Tesl Industry, Situation, And Strategic Analysis

1120 WordsFeb 13, 20175 Pages
Tesla: Industry, Situation, and Strategic Analysis Tesla Motors is an automaker based in Palo Alto, California. In addition to producing electric cars, the company is “also a technology and design company with a focus on energy innovation” (Tesla, 2017). Tesla employs a vertically integrated strategy, centered on the in-house production of nearly all of the components that go into its cars – unlike its competitors that outsource particular production processes (Lambert, 2016). Currently, the company manufactures three electric car models, which include: (1) the Tesla Roadster; (2) Model S, and; (3) Model X (Mangram, 2012). The company’s offerings face competition from other electric and hybrid cars, such as Chevrolet Bolt, Toyota Prius,…show more content…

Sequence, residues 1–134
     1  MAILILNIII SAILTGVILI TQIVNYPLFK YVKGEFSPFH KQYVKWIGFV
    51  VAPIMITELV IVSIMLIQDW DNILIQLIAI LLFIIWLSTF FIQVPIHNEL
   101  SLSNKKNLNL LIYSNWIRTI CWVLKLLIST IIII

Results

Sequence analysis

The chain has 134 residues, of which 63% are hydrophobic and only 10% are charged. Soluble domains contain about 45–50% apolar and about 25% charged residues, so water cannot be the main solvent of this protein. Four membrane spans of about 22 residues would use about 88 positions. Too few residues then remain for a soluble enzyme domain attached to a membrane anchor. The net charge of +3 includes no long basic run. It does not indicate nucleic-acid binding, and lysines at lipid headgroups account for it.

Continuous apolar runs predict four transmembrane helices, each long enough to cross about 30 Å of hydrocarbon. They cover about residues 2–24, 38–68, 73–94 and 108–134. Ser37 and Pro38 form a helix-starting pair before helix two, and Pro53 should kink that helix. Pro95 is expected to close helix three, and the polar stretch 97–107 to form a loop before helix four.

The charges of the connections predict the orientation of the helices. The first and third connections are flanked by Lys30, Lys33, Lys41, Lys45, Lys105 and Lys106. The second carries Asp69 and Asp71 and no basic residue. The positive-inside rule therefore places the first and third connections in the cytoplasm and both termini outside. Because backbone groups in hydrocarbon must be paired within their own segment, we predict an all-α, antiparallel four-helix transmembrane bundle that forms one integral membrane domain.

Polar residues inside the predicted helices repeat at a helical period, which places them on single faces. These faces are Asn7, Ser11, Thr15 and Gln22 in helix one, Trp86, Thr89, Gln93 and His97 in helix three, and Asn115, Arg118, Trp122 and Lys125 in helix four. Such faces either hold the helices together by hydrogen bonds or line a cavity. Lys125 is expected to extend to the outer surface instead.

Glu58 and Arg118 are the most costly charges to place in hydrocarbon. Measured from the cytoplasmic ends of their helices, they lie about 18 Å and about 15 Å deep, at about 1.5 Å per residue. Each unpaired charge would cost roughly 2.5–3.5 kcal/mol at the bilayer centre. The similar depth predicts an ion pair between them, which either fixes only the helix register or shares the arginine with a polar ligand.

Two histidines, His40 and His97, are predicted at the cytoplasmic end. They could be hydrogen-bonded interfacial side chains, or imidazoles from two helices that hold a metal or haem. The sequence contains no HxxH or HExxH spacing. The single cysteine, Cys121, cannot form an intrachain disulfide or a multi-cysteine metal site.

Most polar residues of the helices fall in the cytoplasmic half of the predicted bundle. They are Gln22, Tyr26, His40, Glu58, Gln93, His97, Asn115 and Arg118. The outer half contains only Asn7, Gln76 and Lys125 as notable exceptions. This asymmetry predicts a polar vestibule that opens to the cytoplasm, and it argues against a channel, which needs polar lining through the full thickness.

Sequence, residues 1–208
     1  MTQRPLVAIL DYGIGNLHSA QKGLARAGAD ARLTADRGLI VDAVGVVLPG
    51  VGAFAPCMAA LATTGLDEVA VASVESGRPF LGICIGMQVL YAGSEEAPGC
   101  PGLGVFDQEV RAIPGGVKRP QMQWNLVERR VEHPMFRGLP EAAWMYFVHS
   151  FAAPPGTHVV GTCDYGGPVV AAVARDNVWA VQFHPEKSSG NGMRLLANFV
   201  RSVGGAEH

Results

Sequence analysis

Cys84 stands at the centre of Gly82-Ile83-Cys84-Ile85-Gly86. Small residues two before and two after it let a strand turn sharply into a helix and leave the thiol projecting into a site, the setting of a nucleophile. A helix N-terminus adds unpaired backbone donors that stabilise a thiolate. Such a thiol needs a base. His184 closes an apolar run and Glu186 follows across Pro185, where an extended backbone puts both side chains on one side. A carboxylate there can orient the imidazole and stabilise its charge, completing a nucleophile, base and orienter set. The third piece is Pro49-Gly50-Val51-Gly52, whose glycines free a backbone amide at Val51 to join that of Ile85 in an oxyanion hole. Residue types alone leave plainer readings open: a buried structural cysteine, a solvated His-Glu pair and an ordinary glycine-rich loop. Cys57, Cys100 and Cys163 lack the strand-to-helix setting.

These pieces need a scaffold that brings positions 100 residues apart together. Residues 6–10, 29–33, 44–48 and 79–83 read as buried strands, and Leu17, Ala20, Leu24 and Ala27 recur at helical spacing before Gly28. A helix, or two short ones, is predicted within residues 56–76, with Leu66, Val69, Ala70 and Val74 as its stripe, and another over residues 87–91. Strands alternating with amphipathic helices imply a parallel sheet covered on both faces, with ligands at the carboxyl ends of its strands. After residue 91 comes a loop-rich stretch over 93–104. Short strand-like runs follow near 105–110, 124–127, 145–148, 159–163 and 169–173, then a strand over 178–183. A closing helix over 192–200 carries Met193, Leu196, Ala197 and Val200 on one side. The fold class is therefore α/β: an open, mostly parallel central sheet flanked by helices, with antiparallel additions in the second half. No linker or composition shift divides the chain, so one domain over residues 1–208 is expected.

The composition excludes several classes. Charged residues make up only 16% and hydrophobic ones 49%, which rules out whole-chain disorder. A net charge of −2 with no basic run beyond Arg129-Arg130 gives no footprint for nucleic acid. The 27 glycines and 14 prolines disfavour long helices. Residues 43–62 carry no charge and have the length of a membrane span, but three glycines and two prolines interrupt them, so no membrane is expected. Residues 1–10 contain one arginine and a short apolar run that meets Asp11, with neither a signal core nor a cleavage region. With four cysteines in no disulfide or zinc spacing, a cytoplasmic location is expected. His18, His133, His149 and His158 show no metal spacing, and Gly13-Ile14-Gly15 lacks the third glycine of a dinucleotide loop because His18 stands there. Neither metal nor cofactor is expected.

(3) Moderate bargaining power of suppliers since Tesla is moving towards a vertically integrated operational model, which could push out some of its suppliers, such as Panasonic who supply its batteries. (4) Low threat of substitutes as it remains a unique company in the luxury electric cars sector. (5) Low threat of new entrants as the industry demands high capital and R&D investments. Mostly, Tesla faces the highest pressures from its competitors and buyers. Latest competitive forces come from the U.S. electric car manufacturer Atieva and the Chinese tech company, LeEco (Harris, 2016). On the other hand, Tesla’s buyers lament the high costs of the company’s offerings, which are prohibitive for the mass market. Nevertheless, the company promises to introduce affordable models in the future that would cement its position as an innovative electric car manufacturer to remedy the situation (Tesla, 2017). Nonetheless, Tesla should re-focus its energies on the luxury electric vehicles segment because a rapid expansion into the mass-produced electric automobiles sector could dilute its position, which otherwise generates the bulk of its revenues. If the company still wishes to become a player in the mass market, however, it should opt to license out its technologies to other manufacturers, such as Mercedes, who have the necessary
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